How to Share the News of a Family Member’s Death

Spreading the news of milestone events such as births and engagements is easy, exciting, and extremely anticipated, however, we will inevitably be faced with having to convey melancholic, yet necessary news of a loved one’s passing to family, friends and other relevant parties. While we fear the days that these calls need to be made, it is helpful to understand the proper way to carry out these communications at a time where you’ll be preoccupied by grief and funeral planning.  

It goes without saying that immediate family members should be the first to receive the news. Once these relatives have been made aware, it will be helpful to work with them to delegate contact to extended family and friends, as there is limited time to do so between death and a Jewish funeral. If you are calling an elderly or emotionally vulnerable person, you might want to pass on the news in person or call them at a time when there is going to be someone else with them for emotional support.  

Additionally, because of the generally short period between news of the death and the funeral service/burial, be sure that out of town family and friends are contacted early on so you can give them time to make travel preparations.  

With all the advancements in technology, handling death related matters such as communication, planning, and travel is easier than ever. Although, while technology is a major component of making our everyday lives more effortless, it is easy to think that it can be leveraged to help limit the amount of conversation that we need to have with others during this time of sadness.  Try to stay away from impersonal communication such as text messaging, emailing, or posting on social media to family members or relatives. In person or phone call is best. In this digital age, it may also be prudent to request that those in the know, not share anything on social media, as you have not yet had the chance to share the news to others (or if you want privacy). 

 After a brief exchange of greetings, when sharing the details related to the death, it is best to directly state that the person has died. It is suggested that terminology such as “passed on,” or “succumbed to,” be avoided to make it outwardly clear that the person is deceased. Since time will be limited due to having to coordinate many matters at this time, it is easy to keep things concise, stating that the decedent passed away due to complications related to (insert medical condition) or whatever the cause of death. Do not feel obligated to go into detail if you do not feel comfortable or are short on time.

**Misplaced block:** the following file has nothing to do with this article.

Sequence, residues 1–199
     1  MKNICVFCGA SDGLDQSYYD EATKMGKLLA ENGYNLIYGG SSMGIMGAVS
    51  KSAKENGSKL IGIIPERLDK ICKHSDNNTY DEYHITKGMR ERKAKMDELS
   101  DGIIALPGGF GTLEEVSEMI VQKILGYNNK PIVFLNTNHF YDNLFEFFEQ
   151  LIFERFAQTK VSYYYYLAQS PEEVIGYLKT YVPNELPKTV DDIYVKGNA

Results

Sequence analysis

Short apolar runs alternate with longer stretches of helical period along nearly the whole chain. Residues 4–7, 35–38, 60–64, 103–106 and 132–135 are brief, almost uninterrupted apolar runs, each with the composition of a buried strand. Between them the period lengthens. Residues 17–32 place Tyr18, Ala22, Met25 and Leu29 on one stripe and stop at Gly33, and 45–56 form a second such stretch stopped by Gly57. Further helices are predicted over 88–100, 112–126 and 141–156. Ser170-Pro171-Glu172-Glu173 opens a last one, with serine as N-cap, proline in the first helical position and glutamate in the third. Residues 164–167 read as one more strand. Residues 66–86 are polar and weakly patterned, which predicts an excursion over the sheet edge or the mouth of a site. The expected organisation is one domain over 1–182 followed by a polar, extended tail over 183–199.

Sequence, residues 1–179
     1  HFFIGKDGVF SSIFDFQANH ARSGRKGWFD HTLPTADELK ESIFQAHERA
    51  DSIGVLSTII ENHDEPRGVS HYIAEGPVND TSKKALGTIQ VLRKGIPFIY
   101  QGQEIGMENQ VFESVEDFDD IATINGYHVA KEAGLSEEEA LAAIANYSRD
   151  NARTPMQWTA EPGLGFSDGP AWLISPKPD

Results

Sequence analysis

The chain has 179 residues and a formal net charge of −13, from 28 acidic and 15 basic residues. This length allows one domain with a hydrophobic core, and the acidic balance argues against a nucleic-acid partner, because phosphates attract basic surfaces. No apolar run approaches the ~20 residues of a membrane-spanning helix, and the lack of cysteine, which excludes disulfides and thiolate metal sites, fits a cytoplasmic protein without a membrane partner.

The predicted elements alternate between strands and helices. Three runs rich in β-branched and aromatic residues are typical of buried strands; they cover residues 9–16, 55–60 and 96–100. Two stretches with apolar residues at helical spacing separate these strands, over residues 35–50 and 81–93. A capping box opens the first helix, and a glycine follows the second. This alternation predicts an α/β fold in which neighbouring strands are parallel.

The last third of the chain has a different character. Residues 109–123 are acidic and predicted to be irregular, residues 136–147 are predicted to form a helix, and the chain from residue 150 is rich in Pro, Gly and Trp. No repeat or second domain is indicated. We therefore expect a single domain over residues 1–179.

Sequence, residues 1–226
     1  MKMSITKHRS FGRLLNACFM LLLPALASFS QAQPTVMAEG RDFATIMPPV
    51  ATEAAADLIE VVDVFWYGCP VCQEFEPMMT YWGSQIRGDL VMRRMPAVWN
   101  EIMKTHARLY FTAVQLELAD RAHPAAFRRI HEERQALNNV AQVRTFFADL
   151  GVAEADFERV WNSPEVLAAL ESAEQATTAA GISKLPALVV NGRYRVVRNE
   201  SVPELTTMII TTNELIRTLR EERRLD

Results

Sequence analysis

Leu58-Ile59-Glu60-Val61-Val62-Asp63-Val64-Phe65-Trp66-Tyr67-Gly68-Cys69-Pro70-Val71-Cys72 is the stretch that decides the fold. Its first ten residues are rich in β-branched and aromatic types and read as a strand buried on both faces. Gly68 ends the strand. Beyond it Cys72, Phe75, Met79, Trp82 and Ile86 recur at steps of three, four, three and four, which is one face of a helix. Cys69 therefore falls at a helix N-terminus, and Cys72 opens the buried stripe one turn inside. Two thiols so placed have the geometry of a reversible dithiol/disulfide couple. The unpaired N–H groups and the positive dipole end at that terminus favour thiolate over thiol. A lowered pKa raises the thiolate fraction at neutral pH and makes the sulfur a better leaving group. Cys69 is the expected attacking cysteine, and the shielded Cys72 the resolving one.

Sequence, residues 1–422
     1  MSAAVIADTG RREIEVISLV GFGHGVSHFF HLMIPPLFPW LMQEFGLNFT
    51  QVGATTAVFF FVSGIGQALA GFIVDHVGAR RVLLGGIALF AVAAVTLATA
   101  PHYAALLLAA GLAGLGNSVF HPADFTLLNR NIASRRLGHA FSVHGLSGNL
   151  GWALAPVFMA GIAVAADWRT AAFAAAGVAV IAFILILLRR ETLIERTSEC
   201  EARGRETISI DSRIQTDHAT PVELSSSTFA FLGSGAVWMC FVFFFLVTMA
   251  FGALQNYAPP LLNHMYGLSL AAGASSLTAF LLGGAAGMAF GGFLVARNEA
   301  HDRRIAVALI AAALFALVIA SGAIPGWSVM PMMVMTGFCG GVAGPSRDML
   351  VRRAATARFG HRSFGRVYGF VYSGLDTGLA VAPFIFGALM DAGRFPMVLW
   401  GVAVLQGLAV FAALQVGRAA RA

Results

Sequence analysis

Initially, the funeral specifics may not be available. After you have engaged in brief conversation pertaining to the news, it is okay to share that the funeral arrangements are still being taken care of and that you will get back in touch.  If the funeral service has been planned and there are a large number of calls to make when you are full of emotion, you may find it necessary to rely on a script so that you can share all of the information that they will need.  

If finalized after initial contact, funeral details can be communicated in writing since this is merely information and not specifically personal. Be sure to provide the date, name and location of funeral home and cemetery, and time of the service.  This can also be an appropriate time to share any preferred charities for donations to be made in the name of the decedent. A sample statement can be “In lieu of flowers or food, the family requests that a donation be made to (insert charity of the family or decedent’s choice) in the name of (insert name of deceased).” Just a side note, but after the initial period of mourning, thank you notes should be sent to anyone that donated. The organization that received the donations should have a record of all donations received and can provide you with that list. 

Although it was mentioned earlier that phone calls are the preferred channel of communication, it is okay for Shiva (or even funeral details) to be disclosed via social media, emails, texts if sharing with a larger, more indirect and extensive group that your family may not have contact with on a frequent basis or for anyone that did not attend the funeral where an announcement may have been made.  

Overall, it may be difficult to maintain composure during such a sad time. If necessary, take deep breaths and relax for a few moments between calls and funeral planning efforts. Please feel free to contact Star of David to help make this time easier and less stressful on you.  

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